HISTORY OF SOC REPORTS

We have put together all the information you need to answer your questions about SOC Reporting, including what they are, what they do, and what it takes to get them done. We also help you figure out where to start when choosing a partner to help issue your report.

Setting a Precedent: 70 Years of SOC Reporting


The name “SOC Report,” which stands for System and Organization Controls Report, has been around for only about the last decade, but the history of this process goes back much further than that.

SOC reports must be prepared by CPAs, and these auditors are required to undergo a peer review process every three years to maintain their auditor status.

The premise behind these audits and assessments has been around for more than 70-plus years in one form or another, making it a time-tested framework for assessing a service organization’s operational practices and ability to stand by those practices.

These reports have gone through a number of name changes over the years as they increased in complexity and scope. They were initially referred to as Service Organization Control Reports when created in 2011 by the American Institute of Certified Public Accountants (AICPA).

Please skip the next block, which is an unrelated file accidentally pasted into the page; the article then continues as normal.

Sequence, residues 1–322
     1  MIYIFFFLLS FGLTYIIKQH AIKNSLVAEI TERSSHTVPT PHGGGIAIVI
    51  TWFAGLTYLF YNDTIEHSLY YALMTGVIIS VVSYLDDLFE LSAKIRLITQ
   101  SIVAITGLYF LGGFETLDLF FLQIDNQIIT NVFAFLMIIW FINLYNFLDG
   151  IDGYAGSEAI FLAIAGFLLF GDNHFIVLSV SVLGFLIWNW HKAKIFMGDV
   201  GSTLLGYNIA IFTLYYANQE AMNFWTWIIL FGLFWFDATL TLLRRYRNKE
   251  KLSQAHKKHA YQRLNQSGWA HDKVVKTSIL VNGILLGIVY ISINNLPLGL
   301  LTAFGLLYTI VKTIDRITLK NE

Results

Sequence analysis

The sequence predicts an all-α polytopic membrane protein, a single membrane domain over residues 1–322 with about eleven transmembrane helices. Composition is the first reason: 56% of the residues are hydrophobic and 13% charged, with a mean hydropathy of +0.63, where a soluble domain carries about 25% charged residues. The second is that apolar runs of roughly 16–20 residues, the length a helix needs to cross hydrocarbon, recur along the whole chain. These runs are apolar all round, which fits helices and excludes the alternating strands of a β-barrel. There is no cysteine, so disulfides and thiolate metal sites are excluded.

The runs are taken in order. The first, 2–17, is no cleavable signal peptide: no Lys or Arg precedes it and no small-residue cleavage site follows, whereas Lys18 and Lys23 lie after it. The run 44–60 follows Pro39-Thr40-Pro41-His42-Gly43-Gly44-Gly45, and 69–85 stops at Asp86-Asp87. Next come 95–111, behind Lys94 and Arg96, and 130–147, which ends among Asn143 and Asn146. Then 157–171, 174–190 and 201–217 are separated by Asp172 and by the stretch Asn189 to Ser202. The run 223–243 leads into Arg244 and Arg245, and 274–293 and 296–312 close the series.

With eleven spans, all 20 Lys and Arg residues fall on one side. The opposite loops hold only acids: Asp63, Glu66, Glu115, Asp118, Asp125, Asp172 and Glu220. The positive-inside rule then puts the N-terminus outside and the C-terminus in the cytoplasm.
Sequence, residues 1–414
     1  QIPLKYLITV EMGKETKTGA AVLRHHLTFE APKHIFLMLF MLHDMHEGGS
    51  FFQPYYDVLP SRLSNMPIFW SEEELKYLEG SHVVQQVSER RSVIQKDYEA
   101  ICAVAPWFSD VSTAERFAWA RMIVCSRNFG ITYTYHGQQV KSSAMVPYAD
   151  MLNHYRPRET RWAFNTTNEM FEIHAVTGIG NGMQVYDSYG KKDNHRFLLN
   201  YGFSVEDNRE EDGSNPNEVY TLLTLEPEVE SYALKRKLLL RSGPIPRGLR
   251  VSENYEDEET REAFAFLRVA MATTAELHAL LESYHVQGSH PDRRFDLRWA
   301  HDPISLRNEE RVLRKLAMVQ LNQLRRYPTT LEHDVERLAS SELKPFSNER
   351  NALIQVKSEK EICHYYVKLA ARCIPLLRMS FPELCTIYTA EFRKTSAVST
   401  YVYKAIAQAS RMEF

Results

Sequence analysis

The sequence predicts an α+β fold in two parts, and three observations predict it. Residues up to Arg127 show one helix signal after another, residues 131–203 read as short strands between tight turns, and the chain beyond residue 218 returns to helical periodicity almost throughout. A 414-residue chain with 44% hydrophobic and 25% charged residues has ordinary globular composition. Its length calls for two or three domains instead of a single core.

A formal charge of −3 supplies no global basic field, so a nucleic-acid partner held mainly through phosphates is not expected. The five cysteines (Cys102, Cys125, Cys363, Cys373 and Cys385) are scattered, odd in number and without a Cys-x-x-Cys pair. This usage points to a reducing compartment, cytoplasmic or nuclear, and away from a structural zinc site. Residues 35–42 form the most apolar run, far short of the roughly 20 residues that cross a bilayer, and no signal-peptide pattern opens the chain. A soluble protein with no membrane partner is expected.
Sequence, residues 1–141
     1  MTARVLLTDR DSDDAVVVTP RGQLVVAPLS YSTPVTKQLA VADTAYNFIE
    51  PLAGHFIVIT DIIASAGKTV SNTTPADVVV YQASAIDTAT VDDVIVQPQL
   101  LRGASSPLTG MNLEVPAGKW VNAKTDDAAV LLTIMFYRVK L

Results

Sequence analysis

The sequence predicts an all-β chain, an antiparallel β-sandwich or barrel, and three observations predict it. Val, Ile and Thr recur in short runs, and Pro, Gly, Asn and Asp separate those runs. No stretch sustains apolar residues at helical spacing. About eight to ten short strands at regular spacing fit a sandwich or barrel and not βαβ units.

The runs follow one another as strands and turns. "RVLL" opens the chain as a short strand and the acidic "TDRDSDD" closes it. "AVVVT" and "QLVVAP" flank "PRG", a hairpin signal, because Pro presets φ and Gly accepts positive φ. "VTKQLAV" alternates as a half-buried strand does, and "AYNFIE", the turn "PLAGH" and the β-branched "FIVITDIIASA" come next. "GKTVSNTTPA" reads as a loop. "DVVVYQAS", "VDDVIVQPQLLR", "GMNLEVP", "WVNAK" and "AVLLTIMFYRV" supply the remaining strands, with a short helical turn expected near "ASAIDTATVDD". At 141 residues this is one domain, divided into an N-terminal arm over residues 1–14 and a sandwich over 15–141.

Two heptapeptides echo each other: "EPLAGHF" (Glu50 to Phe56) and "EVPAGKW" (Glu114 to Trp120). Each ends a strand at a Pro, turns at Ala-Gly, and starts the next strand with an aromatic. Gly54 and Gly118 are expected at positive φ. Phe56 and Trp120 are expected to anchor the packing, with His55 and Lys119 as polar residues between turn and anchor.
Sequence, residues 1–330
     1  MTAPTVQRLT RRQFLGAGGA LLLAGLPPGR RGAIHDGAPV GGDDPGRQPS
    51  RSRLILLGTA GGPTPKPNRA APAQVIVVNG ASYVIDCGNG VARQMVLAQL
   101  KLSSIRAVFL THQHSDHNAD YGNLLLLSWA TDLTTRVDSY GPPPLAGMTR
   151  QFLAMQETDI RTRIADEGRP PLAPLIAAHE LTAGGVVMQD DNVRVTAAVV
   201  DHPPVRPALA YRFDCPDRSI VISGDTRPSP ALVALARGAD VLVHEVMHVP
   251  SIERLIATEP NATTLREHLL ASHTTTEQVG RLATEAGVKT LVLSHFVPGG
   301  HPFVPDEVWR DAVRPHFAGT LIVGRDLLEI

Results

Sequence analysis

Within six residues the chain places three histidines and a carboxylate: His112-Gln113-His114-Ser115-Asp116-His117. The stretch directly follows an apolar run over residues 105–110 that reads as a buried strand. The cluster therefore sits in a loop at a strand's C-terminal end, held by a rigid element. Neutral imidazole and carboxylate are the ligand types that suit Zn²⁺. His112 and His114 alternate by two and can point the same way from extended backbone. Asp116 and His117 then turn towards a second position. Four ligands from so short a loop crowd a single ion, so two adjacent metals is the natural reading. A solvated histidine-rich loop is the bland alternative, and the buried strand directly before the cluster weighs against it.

What we now refer to as SOC 1 and SOC 2 Reports focus on dependable financial information and data security, respectively. These frameworks were preceded by the Statement of Standards (SAS) 70, created by AICPA. Later, the process was updated and referred to as the Statement of Standards on Audit Engagements (SSAE) 16.

The current SOC audit framework calls for these audits and reports to be conducted and issued by CPA firms. SOC reports must be prepared by CPAs, and these auditors are required to undergo a peer review process every three years to maintain their auditor status.


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